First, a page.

May 8, 2014 in Washington Voices

Inland NW middle school girls try hand at industrial trades

By The Spokesman-Review
 
Jesse Tinsley photoBuy this photo

Centennial Middle School eighth-grader Lewisha Jeter uses a computer-controlled virtual reality headset to learn industrial painting techniques during the Pizza, Pop & Power Tools event last Thursday.
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Sophie Orndorff, an eighth-grader at Horizon Middle School, spent the day May 1 learning how to use a saw to cut wood, how to be safe around downed power lines and how to drill cement.

“It’s been fun to see all the machinery,” Orndorff said. “It seems interesting. I don’t know much about construction.”

The 14-year-old was one of 220 eighth-grade girls from the region who participated in Pizza, Pop & Power Tools.

The event, presented by Spokane Community College, invited the girls to experience trades such as welding, plasma cutting, backhoe operation and construction – jobs with living wages.

“If you are a man or a woman, it’s equal in pay,” said Kenna May, program coordinator at Spokane Community College Apprenticeship and Journeyman Training Center, 2110 N. Fancher Road.

May said pay in these jobs is based on experience and your level of training.

It was the 11th year SCC has held the event. May said the hope is to steer the girls toward woodshop or metal classes.

“It really is an eye-opening experience for the girls,” May said. Most of them end up saying, “I didn’t know I could do that.”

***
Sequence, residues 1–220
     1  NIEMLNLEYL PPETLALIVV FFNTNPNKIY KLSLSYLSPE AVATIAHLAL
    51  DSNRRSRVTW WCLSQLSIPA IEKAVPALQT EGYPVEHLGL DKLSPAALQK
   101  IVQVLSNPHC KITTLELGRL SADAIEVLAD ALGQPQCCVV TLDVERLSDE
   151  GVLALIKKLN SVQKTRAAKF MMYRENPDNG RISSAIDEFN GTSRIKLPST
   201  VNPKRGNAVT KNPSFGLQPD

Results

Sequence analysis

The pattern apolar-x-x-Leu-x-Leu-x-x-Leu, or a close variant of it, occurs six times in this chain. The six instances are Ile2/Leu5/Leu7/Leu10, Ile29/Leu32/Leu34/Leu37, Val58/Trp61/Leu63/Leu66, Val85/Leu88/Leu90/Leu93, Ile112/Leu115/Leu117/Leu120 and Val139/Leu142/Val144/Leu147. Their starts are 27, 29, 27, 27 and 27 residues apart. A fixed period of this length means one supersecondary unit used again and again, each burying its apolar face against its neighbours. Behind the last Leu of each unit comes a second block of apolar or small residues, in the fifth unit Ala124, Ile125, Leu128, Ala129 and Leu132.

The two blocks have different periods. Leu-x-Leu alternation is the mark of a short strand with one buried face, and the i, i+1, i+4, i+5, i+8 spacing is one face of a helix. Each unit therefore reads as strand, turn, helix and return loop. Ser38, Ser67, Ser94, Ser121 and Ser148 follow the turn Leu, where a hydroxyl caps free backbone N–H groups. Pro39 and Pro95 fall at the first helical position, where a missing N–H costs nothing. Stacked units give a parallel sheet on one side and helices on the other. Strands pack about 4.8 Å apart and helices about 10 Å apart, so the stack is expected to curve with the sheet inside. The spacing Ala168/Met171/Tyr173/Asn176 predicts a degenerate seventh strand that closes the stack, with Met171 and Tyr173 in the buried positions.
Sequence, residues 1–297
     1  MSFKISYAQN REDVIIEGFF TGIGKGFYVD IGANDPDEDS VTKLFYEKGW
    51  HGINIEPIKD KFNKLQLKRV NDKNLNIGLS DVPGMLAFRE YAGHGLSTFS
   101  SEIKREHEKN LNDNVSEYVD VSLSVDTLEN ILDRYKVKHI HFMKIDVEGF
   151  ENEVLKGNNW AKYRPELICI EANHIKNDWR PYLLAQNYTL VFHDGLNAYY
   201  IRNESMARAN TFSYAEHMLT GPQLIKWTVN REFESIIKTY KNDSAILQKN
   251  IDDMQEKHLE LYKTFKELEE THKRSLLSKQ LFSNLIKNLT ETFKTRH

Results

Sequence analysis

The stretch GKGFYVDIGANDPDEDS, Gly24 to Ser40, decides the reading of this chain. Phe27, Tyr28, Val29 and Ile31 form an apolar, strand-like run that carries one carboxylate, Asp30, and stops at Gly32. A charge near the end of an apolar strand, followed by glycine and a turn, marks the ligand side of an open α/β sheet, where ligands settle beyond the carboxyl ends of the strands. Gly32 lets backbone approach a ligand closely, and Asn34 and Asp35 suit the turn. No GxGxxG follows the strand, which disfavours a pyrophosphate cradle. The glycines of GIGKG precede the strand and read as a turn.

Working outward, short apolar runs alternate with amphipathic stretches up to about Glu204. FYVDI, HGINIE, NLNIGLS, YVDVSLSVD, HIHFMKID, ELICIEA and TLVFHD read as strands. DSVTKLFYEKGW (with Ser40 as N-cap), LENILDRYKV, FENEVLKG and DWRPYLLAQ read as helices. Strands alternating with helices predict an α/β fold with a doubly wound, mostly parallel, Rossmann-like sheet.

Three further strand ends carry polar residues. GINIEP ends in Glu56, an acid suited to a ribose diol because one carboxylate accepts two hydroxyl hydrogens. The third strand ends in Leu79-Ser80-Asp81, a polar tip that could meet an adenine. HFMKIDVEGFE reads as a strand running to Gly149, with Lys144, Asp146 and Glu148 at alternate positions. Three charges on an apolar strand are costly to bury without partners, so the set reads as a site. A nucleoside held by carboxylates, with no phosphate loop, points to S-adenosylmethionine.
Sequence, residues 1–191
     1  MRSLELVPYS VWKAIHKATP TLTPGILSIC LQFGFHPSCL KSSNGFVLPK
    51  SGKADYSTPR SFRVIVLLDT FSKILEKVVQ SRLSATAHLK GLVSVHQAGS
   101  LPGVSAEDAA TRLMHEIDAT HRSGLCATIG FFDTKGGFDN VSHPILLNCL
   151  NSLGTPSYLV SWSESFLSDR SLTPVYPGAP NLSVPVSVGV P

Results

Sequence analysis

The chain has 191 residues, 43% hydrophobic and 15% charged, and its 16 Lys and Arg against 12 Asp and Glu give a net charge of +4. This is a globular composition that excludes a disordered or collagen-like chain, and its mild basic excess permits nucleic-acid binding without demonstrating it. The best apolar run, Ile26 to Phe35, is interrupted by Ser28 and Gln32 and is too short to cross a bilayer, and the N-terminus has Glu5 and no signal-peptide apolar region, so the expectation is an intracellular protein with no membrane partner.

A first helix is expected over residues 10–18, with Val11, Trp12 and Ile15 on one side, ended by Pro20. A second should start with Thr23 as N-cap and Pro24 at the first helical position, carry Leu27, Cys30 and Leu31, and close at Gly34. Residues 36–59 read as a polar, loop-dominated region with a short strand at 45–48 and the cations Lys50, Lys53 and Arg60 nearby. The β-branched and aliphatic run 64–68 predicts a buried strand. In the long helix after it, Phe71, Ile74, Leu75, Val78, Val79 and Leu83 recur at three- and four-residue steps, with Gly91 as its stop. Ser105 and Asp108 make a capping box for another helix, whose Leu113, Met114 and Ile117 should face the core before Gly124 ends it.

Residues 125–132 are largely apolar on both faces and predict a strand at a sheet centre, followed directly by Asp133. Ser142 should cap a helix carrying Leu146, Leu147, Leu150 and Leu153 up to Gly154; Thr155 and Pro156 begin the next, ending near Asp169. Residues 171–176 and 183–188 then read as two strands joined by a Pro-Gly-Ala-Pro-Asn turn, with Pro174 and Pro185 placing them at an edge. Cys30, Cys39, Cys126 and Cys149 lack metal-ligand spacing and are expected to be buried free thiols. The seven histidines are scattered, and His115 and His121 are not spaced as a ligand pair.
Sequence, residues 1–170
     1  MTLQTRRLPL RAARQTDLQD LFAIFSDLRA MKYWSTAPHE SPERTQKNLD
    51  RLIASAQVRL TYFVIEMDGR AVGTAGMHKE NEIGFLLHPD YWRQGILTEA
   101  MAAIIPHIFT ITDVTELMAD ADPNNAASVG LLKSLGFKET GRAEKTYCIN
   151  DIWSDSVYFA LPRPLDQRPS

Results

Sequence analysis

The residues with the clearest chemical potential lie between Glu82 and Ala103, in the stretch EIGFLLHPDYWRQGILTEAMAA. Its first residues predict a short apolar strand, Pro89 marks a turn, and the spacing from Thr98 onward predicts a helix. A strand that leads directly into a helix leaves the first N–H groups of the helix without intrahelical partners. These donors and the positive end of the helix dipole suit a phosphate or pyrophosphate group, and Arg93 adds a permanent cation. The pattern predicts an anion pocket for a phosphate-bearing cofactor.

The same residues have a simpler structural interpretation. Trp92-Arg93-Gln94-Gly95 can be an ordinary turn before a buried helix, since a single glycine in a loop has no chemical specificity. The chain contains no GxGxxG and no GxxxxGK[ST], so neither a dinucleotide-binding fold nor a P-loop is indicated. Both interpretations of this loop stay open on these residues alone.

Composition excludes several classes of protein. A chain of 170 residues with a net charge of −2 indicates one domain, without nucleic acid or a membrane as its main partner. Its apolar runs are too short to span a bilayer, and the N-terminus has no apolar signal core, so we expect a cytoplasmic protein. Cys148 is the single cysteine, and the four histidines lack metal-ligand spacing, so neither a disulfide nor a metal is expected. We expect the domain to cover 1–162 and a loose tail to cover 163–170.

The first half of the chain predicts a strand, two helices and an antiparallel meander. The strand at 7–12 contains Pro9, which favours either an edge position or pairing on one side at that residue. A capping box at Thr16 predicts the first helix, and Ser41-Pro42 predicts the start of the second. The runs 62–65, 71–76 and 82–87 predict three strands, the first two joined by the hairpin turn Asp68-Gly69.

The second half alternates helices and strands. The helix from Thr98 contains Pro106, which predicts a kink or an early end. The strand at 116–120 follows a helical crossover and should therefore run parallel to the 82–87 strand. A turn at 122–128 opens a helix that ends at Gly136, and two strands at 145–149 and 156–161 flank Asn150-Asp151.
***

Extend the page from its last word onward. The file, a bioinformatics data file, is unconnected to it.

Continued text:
The girls were led through a series of hands-on activities. They bent conduit for electrical wires, a simulator taught them how to paint cars and they tried their hand at welding.

Many of the girls squealed the first time they tried using a nail gun with the roofers.

“There’s a lot of squealing today,” May said.

They soldered pipe and learned how to mix cement. Avista Utilities brought power lines, transformers and reclosers to teach the girls about power-line safety. They used a hot dog to simulate what happens when someone touches a live wire.

Brady Hansen, a journeyman lineman for Avista, said he’s seen more recruitment efforts toward women in recent years. Anyone interested in the job must have a mechanical aptitude, a willingness to work outside in all kinds of weather and must be physically fit.

Hansen thinks women have a leg up on men in certain areas.

“Their emotional intelligence makes them very good foremen,” he said.

Over in the homebuilders area, girls were hammering nails, using a nail gun and using a jigsaw.

“I think it’s fun,” said Peyton Stark, an eighth-grader from Cheney Middle School. “Doing stuff like this opens your mind a little bit.”

She said it wasn’t her first experience using tools. She once helped her father build a “man cave” in their house.

Oxarc Inc., has come every year to the event. Donnel Beat, store manager at Oxarc, was showing the girls how to use a plasma cutter. After donning a jacket, safety glasses and gloves, the girls could write their names or draw designs in the metal.

“We brought all of our eighth-grade girls,” said Courtney Strozyk, principal of Reardan Middle School. She said the trip is very empowering for them.

“Last year’s group really enjoyed it,” said Christy Koch, an English teacher at Reardan Middle School. She said since it is girls only, they don’t have to feel like these jobs are just for the boys.

“This is the best thing my girls get to do all year,” said Lisa Smith, a math teacher at Deer Park Middle School.


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